You’ve got an idea that you want to get on paper. Or you know that you always wanted to try writing, but you’re not quite sure where to begin. Maybe you’ve eeked out a draft of something and now you’re trying to figure out what to do with it, but you don’t have the time because your own personal army of small humans, and let’s be honest, probably at least one big human as well, demand so much time – not to mention pets, day jobs, side hustles, etc. What’s a busy mom/would-be writer to do?
First, take a breath.
You are not alone. There are so many of us out there, in fact, that social media is clogged with voices. But I don’t need to tell you that. In fact, it’s all a bit overwhelming, amiright? I hear you. I was a skeptic venturing into the virtual world of writerly things, but after a few years scoping it out, there are a few valuable and invaluable resources I return to time and again.
Before I give up all the goods on the resources I’d like you to know I am not being endorsed by, or receiving any benefit from, any of these sites or organizations. I may be a member, and I’m recommending them because they have provided me with tools that have helped me grow as a writer. With that out of the way, you should also consider that I tend toward sites that help develop my:
- Skills as a novelist or blogger
- Publishing industry knowledge
- Writing community
Take a moment to articulate in your mind what your writing goals are, both longer term and next steps. If our interests tend to align, then read on and consider if these resources can help you in your writer’s journey.
NaNoWriMo. This is the one that got me to knuckle down and prove I could write a novel. November is their big month, but they have events all year round these days, and lots of good support for writers of all levels. It’s great for skills and community, and for anyone who’s ever wondered if they have what it takes to vomit up 50,000 words (or more) in a semi-coherent format.
Writer’s Digest is another resource that’s helpful to writers at any stage of development, and regardless of whether you’re working on a non-fiction proposal, poetry, or flash fiction. It’s the one magazine subscription I actually make time to read, plus the organization offers contests, conferences, and online trainings.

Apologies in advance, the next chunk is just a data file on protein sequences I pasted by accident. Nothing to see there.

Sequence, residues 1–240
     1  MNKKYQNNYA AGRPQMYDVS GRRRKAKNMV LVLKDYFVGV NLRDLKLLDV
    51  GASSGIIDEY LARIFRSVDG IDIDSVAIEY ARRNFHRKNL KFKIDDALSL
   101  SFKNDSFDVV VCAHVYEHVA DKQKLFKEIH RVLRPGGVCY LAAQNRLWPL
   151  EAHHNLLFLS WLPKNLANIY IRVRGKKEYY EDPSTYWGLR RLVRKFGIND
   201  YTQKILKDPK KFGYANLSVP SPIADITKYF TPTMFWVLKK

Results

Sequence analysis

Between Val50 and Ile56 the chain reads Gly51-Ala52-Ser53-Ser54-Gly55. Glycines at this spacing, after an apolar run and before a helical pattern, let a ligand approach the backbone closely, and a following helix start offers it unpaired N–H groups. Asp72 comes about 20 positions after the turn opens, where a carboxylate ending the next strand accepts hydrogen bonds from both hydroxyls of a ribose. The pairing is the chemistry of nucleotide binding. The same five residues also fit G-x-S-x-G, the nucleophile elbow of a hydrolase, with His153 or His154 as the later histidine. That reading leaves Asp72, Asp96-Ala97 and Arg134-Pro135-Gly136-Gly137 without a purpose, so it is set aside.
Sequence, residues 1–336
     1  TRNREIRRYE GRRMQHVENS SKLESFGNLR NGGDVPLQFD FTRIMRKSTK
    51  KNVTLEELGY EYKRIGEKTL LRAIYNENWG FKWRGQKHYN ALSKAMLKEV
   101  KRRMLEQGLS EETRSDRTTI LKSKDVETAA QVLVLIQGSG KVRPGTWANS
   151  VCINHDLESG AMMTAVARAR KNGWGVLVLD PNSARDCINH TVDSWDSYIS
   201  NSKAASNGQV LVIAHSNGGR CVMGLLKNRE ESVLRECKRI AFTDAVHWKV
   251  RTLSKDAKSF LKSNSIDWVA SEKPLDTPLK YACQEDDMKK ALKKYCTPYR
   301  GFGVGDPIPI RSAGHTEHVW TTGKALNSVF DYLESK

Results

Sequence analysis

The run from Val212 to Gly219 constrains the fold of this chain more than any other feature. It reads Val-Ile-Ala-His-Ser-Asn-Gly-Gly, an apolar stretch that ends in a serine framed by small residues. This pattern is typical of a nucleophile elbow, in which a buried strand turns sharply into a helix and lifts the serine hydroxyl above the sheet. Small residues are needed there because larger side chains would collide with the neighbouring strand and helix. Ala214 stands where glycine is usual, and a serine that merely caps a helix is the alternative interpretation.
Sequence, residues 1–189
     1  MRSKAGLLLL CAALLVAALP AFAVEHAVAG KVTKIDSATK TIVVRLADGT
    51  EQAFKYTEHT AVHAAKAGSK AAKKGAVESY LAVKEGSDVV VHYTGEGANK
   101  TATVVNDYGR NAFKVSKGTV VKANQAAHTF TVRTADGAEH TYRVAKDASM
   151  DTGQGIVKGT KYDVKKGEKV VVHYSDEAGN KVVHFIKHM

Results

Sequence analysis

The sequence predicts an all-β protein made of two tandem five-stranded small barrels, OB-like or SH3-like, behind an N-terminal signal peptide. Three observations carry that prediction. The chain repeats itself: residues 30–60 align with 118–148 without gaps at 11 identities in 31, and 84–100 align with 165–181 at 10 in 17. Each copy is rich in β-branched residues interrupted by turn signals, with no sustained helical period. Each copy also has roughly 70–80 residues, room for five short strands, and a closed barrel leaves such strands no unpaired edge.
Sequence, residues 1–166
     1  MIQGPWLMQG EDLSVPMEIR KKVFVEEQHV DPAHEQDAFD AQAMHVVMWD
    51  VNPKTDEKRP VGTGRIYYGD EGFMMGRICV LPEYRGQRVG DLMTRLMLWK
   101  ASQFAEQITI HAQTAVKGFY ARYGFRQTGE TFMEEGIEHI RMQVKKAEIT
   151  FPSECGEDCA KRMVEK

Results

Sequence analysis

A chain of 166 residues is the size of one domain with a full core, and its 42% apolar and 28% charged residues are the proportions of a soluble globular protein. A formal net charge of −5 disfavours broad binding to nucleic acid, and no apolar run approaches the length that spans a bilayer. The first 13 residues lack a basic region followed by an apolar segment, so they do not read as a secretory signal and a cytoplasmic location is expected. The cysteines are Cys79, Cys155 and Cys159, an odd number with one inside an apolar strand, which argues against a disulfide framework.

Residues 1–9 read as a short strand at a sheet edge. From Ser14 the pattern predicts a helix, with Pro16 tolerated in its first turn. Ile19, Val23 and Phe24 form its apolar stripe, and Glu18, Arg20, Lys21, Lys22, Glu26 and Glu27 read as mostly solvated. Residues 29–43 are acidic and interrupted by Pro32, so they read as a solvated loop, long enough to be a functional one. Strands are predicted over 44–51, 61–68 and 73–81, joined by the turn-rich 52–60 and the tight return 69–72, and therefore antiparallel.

SavvyAuthors is where I go for skill-building training programs. Last year they offered a fantastic mentoring program. They also have a blog, which will accept articles from guest authors, and periodic pitchfests that have helped me identify, and connect with, new agents.
Pitch Wars is another amazing blend of skill- and community building, with the opportunity to win mentorship and then get noticed by top industry agents. Even if you’re not yet ready to enter into the fray, it’s worth checking their website periodically to see what you can learn from others novelist hopefuls. You can also follow #pitchwars on Twitter to further enhance your community.
Speaking of Twitter, if you’re a writer, ignore this social media platform at your own peril! Not only are there vibrant and supportive writing communities out there (#writingcommunity, #writers, #writerslife, #amwriting, #writing) there are agents, tweeting about what they want and don’t want, and when they’re going to be ready for something fresh. There are editors, eager to help you develop your idea, style, or help you fine tune your MS. #Pitchwars is just one of a number of pitch contests – where you tweet 280 characters about your book and agents or editors might request your submission – instantly moving your work out of the slush pile and into an inbox. Even if you aren’t ready to pitch yet, watching #pitmad (or any of several genre specific pitchfests) is a way to see what is out there in your genre, what gets agent attention, and what doesn’t. You can track agents you’re interested in to see what they like during these events, which may help you down the road.
For those of you more interested in blogging, or building a base of published articles or short stories, check out the Medium Partnership program. Not only does Medium publish a number of articles on writing designed to help you hone your craft, it also offers the opportunity to get published and potentially make some money. Publications for writers include The Writing Cooperative, Writer Mom, and Epilogue. @EpilogueMedium and #writingcooperative are both also active on Twitter, and both Writer Mom and Writing Cooperative have amazingly supportive Facebook groups.
There are, of course, dozens of other websites and other online resources dedicated to helping you achieve your writerly dreams. So if the few I’ve highlighted here aren’t working for you, just hit the internet search engine of your choice and you’ll likely be amazed at all that pops up. The important thing is to know that you aren’t in this alone. There are so many of us out there, the majority of whom are eager to help you on your journey and to cheer you along the way. The other thing to keep in mind: this is a journey, not a sprint. So take your time. Explore a little bit, get comfortable, and then explore a little bit more. Take it at your pace, and enjoy finding your tribe.